Monday, 10 July 2006

Opportunities for the Use of Andisols in Paleoecological Studies.

Femke H. Tonneijck, Boris Jansen, Klaas G. Nierop, Marcela Moscol, and Jacobus M. Verstraten. Institute for Biodiversity and Ecosystem Dynamics – Univ of Amsterdam, Nieuwe Achtergracht 166, Amsterdam, Netherlands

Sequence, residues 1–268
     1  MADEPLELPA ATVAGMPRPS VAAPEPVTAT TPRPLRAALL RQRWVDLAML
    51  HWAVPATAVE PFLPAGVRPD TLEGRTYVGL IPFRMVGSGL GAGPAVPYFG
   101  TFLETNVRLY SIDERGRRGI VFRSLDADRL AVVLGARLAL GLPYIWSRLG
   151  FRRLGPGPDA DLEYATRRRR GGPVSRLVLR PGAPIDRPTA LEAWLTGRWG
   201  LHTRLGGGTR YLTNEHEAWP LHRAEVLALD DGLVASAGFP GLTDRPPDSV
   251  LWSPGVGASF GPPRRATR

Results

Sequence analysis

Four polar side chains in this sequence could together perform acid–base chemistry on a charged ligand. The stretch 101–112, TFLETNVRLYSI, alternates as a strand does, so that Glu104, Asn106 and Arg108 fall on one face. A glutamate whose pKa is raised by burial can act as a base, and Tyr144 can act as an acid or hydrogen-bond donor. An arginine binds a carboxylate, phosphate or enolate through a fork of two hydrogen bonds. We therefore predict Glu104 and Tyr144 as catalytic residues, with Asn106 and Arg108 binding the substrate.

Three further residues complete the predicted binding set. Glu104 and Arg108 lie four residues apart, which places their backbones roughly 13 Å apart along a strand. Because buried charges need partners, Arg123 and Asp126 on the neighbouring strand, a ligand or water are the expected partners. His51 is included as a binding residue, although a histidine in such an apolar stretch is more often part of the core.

In the Northern Ecuadorian Andes, deforestation severely lowered the natural Upper Forest Line (UFL). Thus, to ascertain the natural position of the UFL, e.g. To support -sustainable reforestation, the RUFLE1 program investigates the local vegetation history. Andisols could provide great opportunities for this paleoecological study, since they are characterized by the accumulation of vast amounts of Organic Matter (OM) and are dominant in the region. However, the use of these soils requires an understanding of the chronostratigraphy and preservation of Soil Organic Matter (SOM). To investigate SOM chronostratigraphy and preservation, we selected soil profiles at altitudinal intervals of 100 m between 3300 and 4100 m.a.s.l. Within the Guandera Biological Reserve. The Mean annual temperatures range from 4–10°C but daily fluctuations are considerable (up to 20°C) with a mean annual precipitation of 2000 mm. The current forest reaches approximately 3650 m.a.s.l., above this UFL tropical alpine grasslands dominate (páramo). The Andisols in Guandera contain high amounts of organic carbon (average 16 ± 4 % in topsoil), are acidic (pHCaCl2 = 4 in topsoil) and contain some allophane in the subsurface horizons (Alp/Alo: 0.3 -1.20 from subsurface to surface). The chronostratigraphy of OM in soils is less straightforward than in deposits traditionally used in paleoecological studies (e.g. Peat sequences and lake sediments). Volcanic activity determines the sedimentary stratification of Andisols and sets boundary conditions for the distribution of SOM. However pedogenetic processes, such as bioturbation and leaching, finally determine its vertical distribution in the soil. Preliminary interpretation of the major and trace elements indicate that the Andisols are formed in at least 3 different parent materials, in the field recognizable as the current soil, a paleosol and a truncated paleosol. Further examination will reveal if differences within these ashes are related to upward fining or point to the presence of even more layers. This knowledge then supports the interpretation of the radiocarbon dates. In the current soil, the radiocarbon age increases with depth (preliminary sample distance 30–40 cm). If the current soil is formed in multiple ash layers, the sedimentation rate mainly determines the age-depth relation of SOM. On the other hand, if the current soil is formed in one ash deposit, two scenarios may explain this age to depth relation. In the first scenario, without bioturbation, the young SOM continuously buries the older SOM. In the second scenario, with bioturbation, an age-depth correlation can only exist if the zone of active bioturbation shifts upward during SOM accumulation. In the forest soils, the presence of a thick (up to 50 cm) fermentation horizon implies that OM incorporation is slow and deep bioturbation is virtually absent. In the páramo soils, ectorganic horizons were not observed, suggesting higher rates of OM incorporation into the soil i.e. Higher bioturbation rates. However, litter accumulates within the grass tussocks instead of the soil surface, preventing formation of a true ectorganic layer. We applied micromorphological analysis to investigate bioturbation and to substantiate these field observations. The effect of leaching on the vertical distribution of OM is limited due to the high OM-metal ratios. Using pollen and plant-specific organic molecules (biomarkers) in paleoecological studies requires preservation in soil for long periods of time. Pollen in Colombian Andisols appeared to be protected against degradation due to its incorporation in biological and/or physico-chemical aggregates. We applied micromorphological techniques to find out if and how pollen was preserved in our soils, in order to rule out species-specific degradation. Lignin may be a potential biomarker to distinguish grasses (páramo) from trees (forest), because its composition is related to plant taxonomy. Unfortunately, in andic mineral horizons, lignin is rapidly degraded and can thus not be used as a biomarker of past vegetation. By contrast, extractable lipids, with differing compositions between plant species, appear to be well preserved in the studied Andisols. Our preliminary results showed that they can be used as biomarkers of past vegetation. 1 RUFLE = Reconstruction of the Upper Forest Line in Ecuador

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